Wife of slain Cambodian activist accepts compensation, but still demands justice

Despite what the court said, the woman says she did not agree to drop charges against assailant.
By RFA Khmer service
2022.10.27
Share on WhatsApp
Share on WhatsApp
Wife of slain Cambodian activist accepts compensation, but still demands justice Candlelight Party activists gathered in a public gathering Oct 23 in Tbong Khmum province
Photo: RFA

The widow of a slain Cambodian opposition party activist said she received compensation for her husband’s death, but had not agreed to withdraw charges against the assailant as court officials claimed she had.

Wen Kimyi, whose husband Po Hin Lean was shot on his way to go fishing early on the morning of Oct. 16 in the southeastern province of Tbong Khmum, told Radio Free Asia on Tuesday that she received $12,000 in compensation from a Cambodian court.

But when she received the compensation, court officials read a document stating that she had withdrawn her criminal complaint and agreed not to press charges against her husband’s killer. 

"They read me a letter saying that my husband resisted arrest, and so the police shot him, according to the police officer,” said Wen Kimyi. ”I don't allow the police to release my husband's killers. I want to find out: who is my husband's killer?"

She said she accepted the compensation money to pay for her husband’s funeral.

The court in Tbong Khmum province only said that a security guard named “Vet” was detained for the killing and charged with involuntary manslaughter. RFA was unable to confirm if he was released after the victim's wife accepted compensation.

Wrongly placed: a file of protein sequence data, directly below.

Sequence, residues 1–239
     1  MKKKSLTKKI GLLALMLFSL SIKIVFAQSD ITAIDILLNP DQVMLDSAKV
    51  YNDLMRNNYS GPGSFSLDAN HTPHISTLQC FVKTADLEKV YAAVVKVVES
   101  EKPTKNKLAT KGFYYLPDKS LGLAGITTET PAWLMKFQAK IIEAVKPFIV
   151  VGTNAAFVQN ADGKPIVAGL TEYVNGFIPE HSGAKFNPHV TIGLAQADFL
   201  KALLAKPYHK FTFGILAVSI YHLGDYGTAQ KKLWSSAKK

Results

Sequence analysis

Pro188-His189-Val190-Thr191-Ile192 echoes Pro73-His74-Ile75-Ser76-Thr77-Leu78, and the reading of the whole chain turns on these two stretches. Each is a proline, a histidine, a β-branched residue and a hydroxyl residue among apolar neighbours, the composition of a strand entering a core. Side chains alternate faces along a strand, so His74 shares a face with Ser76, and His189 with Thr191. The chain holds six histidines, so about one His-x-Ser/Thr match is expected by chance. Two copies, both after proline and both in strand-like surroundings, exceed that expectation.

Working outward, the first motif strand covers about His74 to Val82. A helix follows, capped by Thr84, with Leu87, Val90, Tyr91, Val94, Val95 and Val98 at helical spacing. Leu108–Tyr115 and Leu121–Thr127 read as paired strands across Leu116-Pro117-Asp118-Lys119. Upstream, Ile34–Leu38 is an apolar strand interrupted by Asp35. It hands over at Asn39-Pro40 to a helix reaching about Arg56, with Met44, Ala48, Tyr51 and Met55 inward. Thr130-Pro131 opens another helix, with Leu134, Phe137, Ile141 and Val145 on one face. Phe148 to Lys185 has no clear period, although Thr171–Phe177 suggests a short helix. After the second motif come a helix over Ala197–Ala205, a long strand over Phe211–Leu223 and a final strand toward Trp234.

A court spokesperson discussed the case with a local radio station in Cambodia and said that the matter is being handled by an investigative judge.

Po Hin Lean’s killing was part of a series of attacks targeting opposition activists across Cambodia, especially those linked to the relatively new Candlelight Party. 

Hun Sen’s ruling Cambodian People’s Party has had a firm grip on Cambodia’s government since 1997. In the most recent communal elections, several opposition candidates and activists reported being harassed and targeted in the run-up to the vote. 



Translated by Samean Yun. Written in English by Nawar Nemeh.

POST A COMMENT

Add your comment by filling out the form below in plain text. Comments are approved by a moderator and can be edited in accordance with RFAs Terms of Use. Comments will not appear in real time. RFA is not responsible for the content of the postings. Please, be respectful of others' point of view and stick to the facts.